Sprint and T-Mobile's $26 billion megamerger could create a powerful wireless rival to AT&T and Verizon that could benefit the channel and business customers, partners say.
"I'm hoping if the merger goes through, the two providers can combine in a way that will give Verizon and AT&T a run for their money," said Natasha Royer Coons, managing director of San Diego-based TeraNova Consulting Group, a Sprint and T-Mobile partner. "Hopefully, they will still be cost-competitive and build out their network assets to provide more coverage than the two were providing separately, and maybe leapfrog the competition with their combined spectrum in the 5G race."
The deal, which would combine the third and fourth largest wireless carriers in the nation, could open the door to a new enterprise alternative for the channel and business customers, said Rob Chamberlin, co-founder and chief revenue officer of DataXoom, a Walnut Creek, Calif.-based wireless solution provider that partners with both T-Mobile and Sprint.
"The merger will certainly benefit legacy Sprint or T-Mobile partners in that they will have a broader portfolio to sell to their client base. T-Mobile is making a strong push for mid-market and enterprise customers, and Sprint has a lot of expertise in this area," Chamberlin said.
The jury is still out, however, on how well a Sprint/T-Mobile merger will go up against regulatory scrutiny from the Department of Justice (DoJ) and Federal Communications Commission (FCC) under the Trump administration. Many in the telecom industry have been under the impression that the Republican-led DoJ and FCC would be largely pro-merger, but the DoJ has so far come down against AT&T's proposed monster acquisition of Time Warner for $85 billion.
In fact, Sprint's stock tumbled down 14 percent Monday morning as analysts predicted steep regulatory hurdles facing the $26.5 billion mega merger.
The FCC, currently led by Chairman Ajit Pai, has previously voiced his support of merger and acquisition activity in the telecommunications space. A similar proposal for a tie-up between the two companies was abandoned in 2014 after facing opposition from the then Democrat-led FCC, led by Chairman Tom Wheeler, and the Department of Justice under the Obama administration.
T-Mobile and Sprint are promising a combined network that will offer an efficient, improved service at a lower price. T-Mobile's legacy network is based on GSM technology, while Sprint's is based on CDMA, which are two incompatible network technologies. Both carriers support LTE, and the companies have estimated it will take roughly three years to migrate all customers over to the T-Mobile network. Today, some popular Samsung smartphones and Apple iPhones on Sprint can run on the T-Mobile network, according to T-Mobile's Chief Operating Officer Mike Sievert.
While T-Mobile's popular "un-carrier" message has resonated strongly with consumers, business customers have been leery of adopting T-Mobile or Sprint for their mobility needs because of perceived issues around weaker coverage compared to AT&T and Verizon, according to partners.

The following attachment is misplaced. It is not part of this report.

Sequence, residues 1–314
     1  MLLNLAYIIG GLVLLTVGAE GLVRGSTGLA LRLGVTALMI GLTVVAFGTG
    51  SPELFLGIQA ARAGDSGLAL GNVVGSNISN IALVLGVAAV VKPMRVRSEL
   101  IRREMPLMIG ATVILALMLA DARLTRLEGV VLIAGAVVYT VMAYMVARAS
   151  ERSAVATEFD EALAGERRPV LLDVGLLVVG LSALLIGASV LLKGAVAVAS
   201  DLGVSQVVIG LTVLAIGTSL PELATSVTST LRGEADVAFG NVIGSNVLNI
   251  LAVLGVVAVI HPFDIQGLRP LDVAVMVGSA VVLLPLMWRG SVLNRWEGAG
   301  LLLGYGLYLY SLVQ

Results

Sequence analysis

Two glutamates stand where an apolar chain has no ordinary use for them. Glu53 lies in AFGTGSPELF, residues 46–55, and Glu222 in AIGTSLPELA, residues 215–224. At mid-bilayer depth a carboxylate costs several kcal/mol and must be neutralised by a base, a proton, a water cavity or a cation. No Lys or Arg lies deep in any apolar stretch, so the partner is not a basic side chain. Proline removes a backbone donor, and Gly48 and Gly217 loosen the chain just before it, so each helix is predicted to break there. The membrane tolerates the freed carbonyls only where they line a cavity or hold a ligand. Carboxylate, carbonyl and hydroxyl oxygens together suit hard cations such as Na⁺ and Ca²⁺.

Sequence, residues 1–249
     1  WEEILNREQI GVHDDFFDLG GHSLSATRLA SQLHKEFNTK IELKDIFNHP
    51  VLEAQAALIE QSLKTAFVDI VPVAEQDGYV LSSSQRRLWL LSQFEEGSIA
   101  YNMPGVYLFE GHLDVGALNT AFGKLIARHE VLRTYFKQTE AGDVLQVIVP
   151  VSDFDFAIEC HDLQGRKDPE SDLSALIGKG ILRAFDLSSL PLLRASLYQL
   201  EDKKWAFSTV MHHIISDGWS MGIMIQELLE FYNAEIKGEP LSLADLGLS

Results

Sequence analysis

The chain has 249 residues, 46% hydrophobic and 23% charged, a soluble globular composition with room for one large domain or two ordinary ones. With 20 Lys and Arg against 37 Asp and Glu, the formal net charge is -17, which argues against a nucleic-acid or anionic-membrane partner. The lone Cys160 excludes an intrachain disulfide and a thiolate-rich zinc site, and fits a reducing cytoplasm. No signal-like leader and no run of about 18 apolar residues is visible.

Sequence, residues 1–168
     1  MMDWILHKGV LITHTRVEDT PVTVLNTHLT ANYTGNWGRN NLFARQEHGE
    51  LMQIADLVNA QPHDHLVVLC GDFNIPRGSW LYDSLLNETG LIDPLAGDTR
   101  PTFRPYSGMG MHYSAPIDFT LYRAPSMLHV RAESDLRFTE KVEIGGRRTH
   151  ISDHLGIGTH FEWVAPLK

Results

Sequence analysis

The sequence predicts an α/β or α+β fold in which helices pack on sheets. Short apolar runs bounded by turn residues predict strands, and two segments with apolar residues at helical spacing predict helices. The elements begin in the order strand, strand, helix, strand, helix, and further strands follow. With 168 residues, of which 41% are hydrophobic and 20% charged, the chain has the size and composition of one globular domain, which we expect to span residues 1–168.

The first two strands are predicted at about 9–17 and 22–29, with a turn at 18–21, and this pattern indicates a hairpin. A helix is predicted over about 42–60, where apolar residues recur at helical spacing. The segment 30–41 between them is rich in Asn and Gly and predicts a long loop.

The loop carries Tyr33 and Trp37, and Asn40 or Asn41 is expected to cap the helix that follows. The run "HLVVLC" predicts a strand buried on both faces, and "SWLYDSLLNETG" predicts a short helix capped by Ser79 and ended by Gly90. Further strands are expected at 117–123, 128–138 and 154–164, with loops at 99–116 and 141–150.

TeraNova, a telecom expense and managed services provider that focuses on wireless solutions and partners with the four major U.S. carriers, is carrier-agnostic. "As trusted advisors, we have been sort of forced to look at other options because we were getting pushback on T-Mobile and Sprint from enterprise customers, even though the pricing was excellent," she said. "It's been hard to get enterprises to pay attention to the lower-cost carriers like T-Mobile and Sprint over the last couple of years."
Sprint and T-Mobile each own wireless spectrum that combined, could serve the company well in the creation of a 5G network that could rival what competitors AT&T and Verizon are building. T-Mobile owns a large portfolio of lower-band airwaves that can travel long distances and pass through walls, which the company has touted as an advantage as it relates to indoor connectivity. Sprint, on the other hand, has the largest U.S. holding of higher-band, 2.5-gigahertz spectrum that is capable of higher data capacity over limited distances.
"I would love a low cost, viable third carrier option for larger customers, but we'll have to see what that network convergence looks like over the next couple of years if the deal is passed," Coons said.
Both Sprint and T-Mobile have channel partner programs today. Sprint works with solution providers via its Business Solutions Program that offers wireless data products and services, as well as through its Global Wireline Business Unit for its wireline offerings. T-Mobile's business services unit, T-Mobile @Work, goes to market through the channel with its wireless solutions via partnerships with master agents.
"The key issue for partners will be which channel methodology will the combined entity embrace - mater agents, or a more traditional dealer channel. My guess is that Sprint moves to a more centralized model over time, mirroring what T-Mobile has done historically," said DataXoom's Chamberlin.
A spokesperson for Sprint said that while many details will still need to be ironed out, the Sprint channel "has direction, and we are moving full speed ahead."
T-Mobile did not return CRN's request for comment before publication time.
Sprint is majority owned by Japanese parent company SoftBank Group. German telecom company Deutsche Telekom currently owns a majority stake in U.S. wireless provider T-Mobile. Under the terms of the deal, Deutsche Telekom will own 42 percent of the combined company and will have voting and board control, while SotfBank will own 27 percent of the new company.
The combined company will retain both Sprint and T-Mobile's current headquarters, including T-Mobile's current home in Bellevue, Wash., as well as Sprint's headquarters in Overland Park, Kansas.